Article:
The C-130 Flight Simulator at Little Rock AFB in Jacksonville.
Arkansas is the world center of C-130 training!! Individuals from all over the world come here to fly this universal aircraft. You'll see them flying overhead all over the state, usually below 500 ft AGL.
To get here, you will encounter a very scenic drive, especially if you are travelling between here and Hot Springs. This is one of the newest state parks in Arkansas. Signal Hill is the very highest point of Mount Magazine--and all of Arkansas. While the summit itself is wooded, there are views and overlooks in the immediate region. Some cliffs are on the mountain. If you come at the right time of year, the fall colors are sure to be spectacular. If you want a nice walk in the woods, the Signal Hill trail is only a half mile to the high point. There will be a sign and a marker there to indicate you are standing on top of Arkansas. There is a well developed campground nearby.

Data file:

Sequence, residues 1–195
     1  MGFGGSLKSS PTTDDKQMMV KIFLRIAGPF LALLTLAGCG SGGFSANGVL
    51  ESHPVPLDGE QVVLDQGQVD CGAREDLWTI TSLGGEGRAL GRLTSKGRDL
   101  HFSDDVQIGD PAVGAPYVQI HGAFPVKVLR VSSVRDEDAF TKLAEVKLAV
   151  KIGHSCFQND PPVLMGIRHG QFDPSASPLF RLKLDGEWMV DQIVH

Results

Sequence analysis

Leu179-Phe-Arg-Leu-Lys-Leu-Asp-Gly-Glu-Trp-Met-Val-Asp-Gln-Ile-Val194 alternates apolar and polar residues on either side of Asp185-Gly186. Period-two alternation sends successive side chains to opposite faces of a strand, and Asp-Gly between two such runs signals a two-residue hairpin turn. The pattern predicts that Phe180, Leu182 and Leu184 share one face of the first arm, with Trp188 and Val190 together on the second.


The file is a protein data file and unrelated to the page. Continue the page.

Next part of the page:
Then you will see the husk after the cotton is removed. This looks like a flower doesn't it? This cotton picking process may look somewhat nostalgic and romanticized. But, you must know, that when cotton was being picked by hand, these tough husks cut the laborers hands unmercifully.
Here is a modern day mechanical cotton picker capable of picking 7 rows of cotton at a time. And this is a SMALL cotton picker. They have gigantic ones now. But this one was being used in a small field.